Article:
Updated: Dec 1, 2021
Flashback to over a decade ago.
It's a chirpy Saturday morning. Dad just got back after his daily badminton game. Mum's trying to tempt me into waking up by circulating flavourful breakfast aroma all over the house. When that doesn't work, my sister empties a bottle of water on me, and runs away to seek the impenetrable haven of Dad, where I can't reach her.
As we slowly approach noon, the discussion becomes more intense by the minute. Do we drive to Lonavala again, or do we find a new getaway? Mum finds an incredible resort just a few kilometres outside of Pali, and seeing as our ongoing Ashtvinayak Darshan (eight Ganesha temples scattered across Maharashtra) had been disrupted to explore newer, farther places, we settle on picking it up again. Everybody is in the car in the next hour, the kids book a room on the way, and we're off to yet another weekend family retreat.
This is how almost every weekend from my childhood looked like. Last-minute plans, little arguments about if it'll be a beach getaway, mountain retreat or a temple visit, rushed packing - which was more throwing the first clothes that we saw in my school backpack, less careful consideration; and driving through unknown, unexplored roads, relying on technology and good Samaritans to help us reach our destination. For all of that effort, it's funny how I hardly remember any of the hotels or our destinations, just the mornings and the drive there, and an overwhelmingly powerful sense of familial bliss.
I loathed missing even a day of school, so we'd often return around Sunday night; exhausted, but content. I never understood how a hurriedly planned day and a half could be as refreshing as the weekends turned out to be. All I know is, after cleaning up and going to back to the everyday life, we'd huddle around watching TV, with Dad commenting on how the poorly scripted comedy soaps are bringing down the country's intellectual capacity, and Mum shooing him away to get ice-cream for the kids - just to get a moment's quiet, furtively glancing at me with a mischievous sparkle in her eye.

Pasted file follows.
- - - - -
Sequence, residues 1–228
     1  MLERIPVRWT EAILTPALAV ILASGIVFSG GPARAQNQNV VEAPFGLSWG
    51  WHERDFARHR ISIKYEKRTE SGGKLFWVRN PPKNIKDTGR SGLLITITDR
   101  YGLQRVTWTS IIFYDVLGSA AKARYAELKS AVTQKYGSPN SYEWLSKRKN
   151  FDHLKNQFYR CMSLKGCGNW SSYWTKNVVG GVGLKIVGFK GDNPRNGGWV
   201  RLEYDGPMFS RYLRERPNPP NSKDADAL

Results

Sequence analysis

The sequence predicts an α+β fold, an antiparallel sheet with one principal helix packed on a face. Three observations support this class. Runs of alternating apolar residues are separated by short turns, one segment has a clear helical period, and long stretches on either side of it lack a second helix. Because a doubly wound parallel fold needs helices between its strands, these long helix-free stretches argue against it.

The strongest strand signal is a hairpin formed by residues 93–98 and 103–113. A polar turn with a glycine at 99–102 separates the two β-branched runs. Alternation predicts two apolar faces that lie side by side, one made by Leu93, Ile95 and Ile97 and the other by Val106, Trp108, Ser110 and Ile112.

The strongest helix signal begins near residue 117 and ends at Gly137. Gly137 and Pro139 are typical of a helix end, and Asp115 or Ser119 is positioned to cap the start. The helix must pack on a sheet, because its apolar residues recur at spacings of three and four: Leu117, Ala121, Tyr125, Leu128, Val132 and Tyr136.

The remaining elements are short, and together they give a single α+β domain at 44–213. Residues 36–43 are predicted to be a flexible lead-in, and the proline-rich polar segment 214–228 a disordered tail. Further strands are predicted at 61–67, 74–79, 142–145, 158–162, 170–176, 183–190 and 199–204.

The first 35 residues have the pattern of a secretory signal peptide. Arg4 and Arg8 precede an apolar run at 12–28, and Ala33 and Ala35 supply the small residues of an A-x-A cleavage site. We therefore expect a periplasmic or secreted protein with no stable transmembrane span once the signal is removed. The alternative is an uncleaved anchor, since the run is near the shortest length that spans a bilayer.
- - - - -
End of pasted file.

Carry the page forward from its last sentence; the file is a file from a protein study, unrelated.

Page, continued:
I'm not entirely sure of the reasons I'm writing this down. Perhaps, I just want to preserve the moments most precious to me; so that when another decade later, I'm tangled in business calls and daily chores and real life, I stumble across this, and remember how euphoric existence can be, beyond business calls and daily chores and real life.
I could close with a contrasting description how we live today, but something tells me I don't need to, I'm sure you know what I'm talking about. Out of curiosity, I looked up our year-wise ranks in the Happiness Report that everybody has raving about lately, and I was not surprised to find, that after a monotonic decline, we have dipped 38 places from where we were in 2013. Co-incidentally, that's probably the last year we took our little weekend visits, before pre-boards and academia caught up with me. Uncanny?
So, I'll leave you with a William Blake excerpt, one that been on my mind a lot lately:
To see a world in a grain of sand
And a heaven in a wild flower
Hold infinity in the palm of your hand
And eternity in an hour